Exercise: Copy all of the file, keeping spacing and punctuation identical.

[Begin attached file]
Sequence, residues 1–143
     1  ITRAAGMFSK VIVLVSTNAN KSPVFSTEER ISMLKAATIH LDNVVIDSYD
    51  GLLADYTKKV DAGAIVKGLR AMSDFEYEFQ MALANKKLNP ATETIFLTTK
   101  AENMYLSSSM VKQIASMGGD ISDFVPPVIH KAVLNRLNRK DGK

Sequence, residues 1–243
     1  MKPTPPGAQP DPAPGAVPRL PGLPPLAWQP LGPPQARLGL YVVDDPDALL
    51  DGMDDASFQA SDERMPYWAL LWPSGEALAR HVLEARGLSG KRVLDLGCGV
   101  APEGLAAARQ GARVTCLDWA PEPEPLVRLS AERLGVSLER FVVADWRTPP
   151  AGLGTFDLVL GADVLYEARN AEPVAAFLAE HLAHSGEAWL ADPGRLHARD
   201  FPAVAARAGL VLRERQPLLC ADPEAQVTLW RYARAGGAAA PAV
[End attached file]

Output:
Sequence, residues 1–143
     1  ITRAAGMFSK VIVLVSTNAN KSPVFSTEER ISMLKAATIH LDNVVIDSYD
    51  GLLADYTKKV DAGAIVKGLR AMSDFEYEFQ MALANKKLNP ATETIFLTTK
   101  AENMYLSSSM VKQIASMGGD ISDFVPPVIH KAVLNRLNRK DGK

Sequence, residues 1–243
     1  MKPTPPGAQP DPAPGAVPRL PGLPPLAWQP LGPPQARLGL YVVDDPDALL
    51  DGMDDASFQA SDERMPYWAL LWPSGEALAR HVLEARGLSG KRVLDLGCGV
   101  APEGLAAARQ GARVTCLDWA PEPEPLVRLS AERLGVSLER FVVADWRTPP
   151  AGLGTFDLVL GADVLYEARN AEPVAAFLAE HLAHSGEAWL ADPGRLHARD
   201  FPAVAARAGL VLRERQPLLC ADPEAQVTLW RYARAGGAAA PAV